Colin Curtis
The Yankees added Curtis to the 40-man for the first time this past July, when he was summoned to the big leagues because the team was dealing with injuries and needed an extra position player during the NL park stretch of their interleague scheduled. Lil’ CC hung around a while but was eventually sent back down. He remained in Triple-A for more than a month later in the year, using his first option. He has two left.

Robert Fish
Added to the 40-man roster for the first time this offseason as a Rule 5 Draft pick, Fish has all three options left. Doesn’t matter though, he’ll be offered back to the Angels before the end of Spring Training.

Brett Gardner
After starting the 2008 season in Triple-A, the Yankees called Gardner up and added him to the 40-man roster for the first time that June 30th. He was with the team for about a month, ultimately sent down on July 26th because they had to make room on the active roster for the just acquired Xavier Nady. Gardner stayed in the minors until August 15th, so he was there for exactly 20 days. That’s not an accident, it prevented an option from being used. Gardner hasn’t been back to the minors since (not counting a very brief rehab stint in 2009), so he has all three options remaining.

Steve Garrison
Claimed off waivers from the Padres last year, Garrison was added to the 40-man (by San Diego) for the first time last (2009-2010) offseason. He used an option in his injury-riddled 2010 season, so he’s got two left.

"You might be using that last option this year, Greg." (AP Photo/Charlie Neibergall)

Greg Golson
Golson’s been around the block, having first been added to the 40-man roster by the Phillies after 2008. He spent basically all of 2009 and 2010 in the minors (save for the occasional cup-of-coffee, nothing major), using up his first two options. Golson has one left, which will inevitably be used this season.

Phil Hughes
Called up as a 20-year-old in what really was an act of desperation by the Yankees, Hughes was added to the 40-man for the first time in April 2007 and then went back to the minors after blowing out his hamstring. He spent a little more than three weeks in the minors that July but it was a rehab assignment, so it didn’t count as an optional assignment. The Yankees called him back up in August, so they didn’t burn an option that season.

Hughes began the next year with the big league team, but eventually hit the disabled list and then did the rehab thing again. The Yankees kept him in the minors for close to 40 days, however the first 30 were the rehab assignment. He did not eclipse the 20-day limit and did not use a minor league option in 2009. Hughes did use his first option in 2009, when he began the year in Triple-A and was called up in late April. He hasn’t been back to the minors since and has two options remaining.

Boone Logan
Logan’s out-of-options. He was first added to the 40-man by the White Sox in 2006, when they took him north out of camp because he had a great Spring Training despite having a total of 5.1 innings at the Single-A level to his credit. Yep. Boone spent considerable time in the minors in 2006, 2009, and 2010, burning all three options.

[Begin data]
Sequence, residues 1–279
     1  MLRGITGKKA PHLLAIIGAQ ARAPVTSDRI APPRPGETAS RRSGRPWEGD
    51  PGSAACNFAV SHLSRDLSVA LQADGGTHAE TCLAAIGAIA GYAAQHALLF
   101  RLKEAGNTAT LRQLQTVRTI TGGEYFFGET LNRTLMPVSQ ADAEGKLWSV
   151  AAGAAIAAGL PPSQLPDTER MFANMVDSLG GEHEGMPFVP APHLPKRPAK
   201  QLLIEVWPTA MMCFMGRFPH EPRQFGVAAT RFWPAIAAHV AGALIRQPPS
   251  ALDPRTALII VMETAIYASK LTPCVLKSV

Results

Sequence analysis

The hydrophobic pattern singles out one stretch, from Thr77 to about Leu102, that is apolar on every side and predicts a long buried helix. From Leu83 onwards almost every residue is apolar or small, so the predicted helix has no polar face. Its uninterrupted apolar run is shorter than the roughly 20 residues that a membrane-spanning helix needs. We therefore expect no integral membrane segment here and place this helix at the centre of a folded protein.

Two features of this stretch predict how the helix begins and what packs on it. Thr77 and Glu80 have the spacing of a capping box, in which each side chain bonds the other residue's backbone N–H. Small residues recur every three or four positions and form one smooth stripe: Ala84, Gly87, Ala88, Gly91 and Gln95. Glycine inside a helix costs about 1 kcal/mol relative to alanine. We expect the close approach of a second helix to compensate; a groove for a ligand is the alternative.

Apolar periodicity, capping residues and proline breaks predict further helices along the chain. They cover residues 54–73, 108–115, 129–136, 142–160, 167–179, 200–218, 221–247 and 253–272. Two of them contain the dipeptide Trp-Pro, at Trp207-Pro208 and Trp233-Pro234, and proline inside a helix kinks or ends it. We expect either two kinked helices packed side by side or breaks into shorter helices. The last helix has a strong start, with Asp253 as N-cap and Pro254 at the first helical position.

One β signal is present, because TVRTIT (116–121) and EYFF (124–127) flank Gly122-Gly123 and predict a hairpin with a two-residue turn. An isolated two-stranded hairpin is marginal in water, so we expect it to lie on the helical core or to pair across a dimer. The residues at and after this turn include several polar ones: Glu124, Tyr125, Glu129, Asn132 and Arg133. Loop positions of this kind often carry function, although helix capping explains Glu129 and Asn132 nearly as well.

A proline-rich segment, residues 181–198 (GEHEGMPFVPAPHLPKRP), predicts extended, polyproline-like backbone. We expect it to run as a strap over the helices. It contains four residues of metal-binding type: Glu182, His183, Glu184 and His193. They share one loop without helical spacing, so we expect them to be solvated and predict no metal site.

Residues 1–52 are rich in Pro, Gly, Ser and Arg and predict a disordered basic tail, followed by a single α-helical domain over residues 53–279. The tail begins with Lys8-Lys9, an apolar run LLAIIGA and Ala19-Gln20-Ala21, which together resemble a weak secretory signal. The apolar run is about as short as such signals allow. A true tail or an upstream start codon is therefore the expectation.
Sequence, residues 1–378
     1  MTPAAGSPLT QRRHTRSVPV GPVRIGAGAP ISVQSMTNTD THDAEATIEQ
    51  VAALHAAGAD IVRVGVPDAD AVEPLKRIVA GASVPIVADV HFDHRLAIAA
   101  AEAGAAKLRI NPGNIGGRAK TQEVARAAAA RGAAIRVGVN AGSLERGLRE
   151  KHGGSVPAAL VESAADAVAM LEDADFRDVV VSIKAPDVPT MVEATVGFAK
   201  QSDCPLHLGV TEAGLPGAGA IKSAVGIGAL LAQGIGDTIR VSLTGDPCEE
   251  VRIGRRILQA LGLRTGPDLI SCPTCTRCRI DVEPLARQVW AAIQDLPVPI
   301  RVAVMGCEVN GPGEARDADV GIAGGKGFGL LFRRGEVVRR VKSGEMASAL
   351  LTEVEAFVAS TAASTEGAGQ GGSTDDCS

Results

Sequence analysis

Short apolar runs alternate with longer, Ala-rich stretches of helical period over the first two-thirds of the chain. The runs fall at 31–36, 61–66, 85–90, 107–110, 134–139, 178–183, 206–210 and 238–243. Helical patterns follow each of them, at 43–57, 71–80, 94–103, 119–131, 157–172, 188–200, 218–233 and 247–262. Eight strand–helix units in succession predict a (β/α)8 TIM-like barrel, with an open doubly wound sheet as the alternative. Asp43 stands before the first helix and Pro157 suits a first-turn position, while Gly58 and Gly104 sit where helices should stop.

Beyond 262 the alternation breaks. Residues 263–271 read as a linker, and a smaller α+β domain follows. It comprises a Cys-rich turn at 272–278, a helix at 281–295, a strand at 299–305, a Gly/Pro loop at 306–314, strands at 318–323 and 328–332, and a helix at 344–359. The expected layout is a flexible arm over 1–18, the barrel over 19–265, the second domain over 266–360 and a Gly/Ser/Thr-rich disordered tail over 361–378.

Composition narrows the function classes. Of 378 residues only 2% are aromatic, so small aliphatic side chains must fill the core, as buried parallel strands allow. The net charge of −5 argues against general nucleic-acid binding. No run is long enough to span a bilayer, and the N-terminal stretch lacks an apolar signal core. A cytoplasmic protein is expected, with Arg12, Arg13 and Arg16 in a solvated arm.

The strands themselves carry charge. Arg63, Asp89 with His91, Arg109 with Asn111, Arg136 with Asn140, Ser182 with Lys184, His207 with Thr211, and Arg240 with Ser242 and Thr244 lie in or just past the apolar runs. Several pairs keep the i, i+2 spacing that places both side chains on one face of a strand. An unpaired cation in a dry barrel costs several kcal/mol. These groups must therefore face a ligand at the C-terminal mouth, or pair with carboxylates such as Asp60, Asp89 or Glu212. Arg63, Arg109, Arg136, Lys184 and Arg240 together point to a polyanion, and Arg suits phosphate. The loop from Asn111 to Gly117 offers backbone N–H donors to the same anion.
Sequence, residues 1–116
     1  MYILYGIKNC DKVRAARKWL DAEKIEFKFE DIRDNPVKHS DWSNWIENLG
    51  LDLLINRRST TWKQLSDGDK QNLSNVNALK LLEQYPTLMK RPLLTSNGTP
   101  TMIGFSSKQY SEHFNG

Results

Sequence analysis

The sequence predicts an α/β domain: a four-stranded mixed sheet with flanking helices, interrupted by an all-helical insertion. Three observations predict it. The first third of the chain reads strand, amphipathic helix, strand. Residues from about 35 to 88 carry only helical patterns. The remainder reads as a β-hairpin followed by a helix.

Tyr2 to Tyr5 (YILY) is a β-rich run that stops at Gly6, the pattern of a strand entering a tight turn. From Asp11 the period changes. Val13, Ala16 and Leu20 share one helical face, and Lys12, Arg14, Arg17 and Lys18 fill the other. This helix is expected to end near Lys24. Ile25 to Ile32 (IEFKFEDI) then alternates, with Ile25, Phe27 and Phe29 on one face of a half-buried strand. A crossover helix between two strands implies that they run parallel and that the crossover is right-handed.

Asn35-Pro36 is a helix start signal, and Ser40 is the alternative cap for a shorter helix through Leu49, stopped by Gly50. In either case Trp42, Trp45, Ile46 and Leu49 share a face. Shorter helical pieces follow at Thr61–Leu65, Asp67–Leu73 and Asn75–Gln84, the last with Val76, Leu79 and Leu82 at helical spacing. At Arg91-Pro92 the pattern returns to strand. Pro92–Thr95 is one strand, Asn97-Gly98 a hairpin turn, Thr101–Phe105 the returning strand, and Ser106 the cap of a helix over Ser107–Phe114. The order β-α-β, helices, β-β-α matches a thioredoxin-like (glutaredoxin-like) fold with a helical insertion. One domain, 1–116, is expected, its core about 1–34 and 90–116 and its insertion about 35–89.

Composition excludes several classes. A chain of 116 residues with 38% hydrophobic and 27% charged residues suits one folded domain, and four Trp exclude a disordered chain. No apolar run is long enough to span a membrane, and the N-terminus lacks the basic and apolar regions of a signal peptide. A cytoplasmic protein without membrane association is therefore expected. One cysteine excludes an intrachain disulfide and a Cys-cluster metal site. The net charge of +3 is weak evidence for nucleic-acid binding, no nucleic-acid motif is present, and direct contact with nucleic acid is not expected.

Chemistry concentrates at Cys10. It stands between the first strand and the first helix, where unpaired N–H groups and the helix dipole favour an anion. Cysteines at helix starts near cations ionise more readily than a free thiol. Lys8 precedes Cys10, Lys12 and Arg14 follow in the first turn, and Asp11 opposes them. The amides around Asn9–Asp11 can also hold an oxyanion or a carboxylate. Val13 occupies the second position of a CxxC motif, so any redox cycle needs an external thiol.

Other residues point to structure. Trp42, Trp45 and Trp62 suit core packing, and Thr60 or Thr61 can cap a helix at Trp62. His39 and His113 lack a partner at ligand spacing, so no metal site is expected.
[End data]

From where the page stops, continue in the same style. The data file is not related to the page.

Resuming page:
Justin Maxwell
Joel Sherman confirmed that Maxwell has one option remaining when he was acquired last month.

Sergio Mitre
The Experience has been out-of-options for a year now.

No need to look over your shoulder David, you aren't going back to the minors anytime soon. (AP Photo/Tony Gutierrez)

David Robertson
Called up and added to the 40-man roster for the first time on the same day as Gardner, Robertson went back to the minors on August 28th (in favor of Al Aceves) and then resurfaced 16 days later, preserving an option. He bounced up and down in April and May of 2009, burning an option. Robertson hasn’t been back to the minors since late May of 2009, so he still has two options at his disposal.

Romulo Sanchez
Chad Jennings confirmed with the Yankees this past December that Romulo is out-of-options.

Daniel Turpen
Same exact deal is Fish, so just re-read his comment and change “Fish” to “Turpen” and “Angels” to “Red Sox.”

Frankie Cervelli
Believe it or not, the Yankees added Cervelli to the 40-man roster for the first time after the 2007 season. That’s when he was first eligible for the Rule 5 Draft, before he ever got out of A-ball. Anyway, he spent most of 2008 in the minors, burning one options then spent the first five weeks of 2009 in the minors, burning another option. Frankie hasn’t been back to the minors since, so he still has that one option remaining.

Ramiro Pena
Pena was added to the 40-man roster for the first time in 2009, when he surprisingly broke camp with the big league team as the utility infielder. He went back to the minors for 43 games that summer, burning one option. Ramiro hasn’t been back down since, so he has two left.

* * *

Dellin Betances, Brandon Laird, Melky Mesa, and Ryan Pope were all added to the 40-man roster for the first time this offseason, so all three guys have all three options remaining. Hector Noesi, Ivan Nova, Reegie Corona, Eduardo Nunez, and Kevin Russo were each added to the 40-man roster for the first time last offseason, and since they all spent most of 2010 in the minors, they all have two options left.

Standard disclaimer here: I can’t guarantee the accuracy of the above info. MLB has some weird rules, and what is and what is not an optional assignment is one of them. I do feel pretty confident though, the only real question is Gardner. Does exactly 20 days in the minors count as an option, or does it have to be more? Either way, it shouldn’t become an issue. Fish, Turpen, and Romulo are goners and probably soon, before the end of camp. That’ll free up three 40-man roster spots, at least one of which will go to Jesus Montero at some point. Let’s hope he never uses any of his minor league options.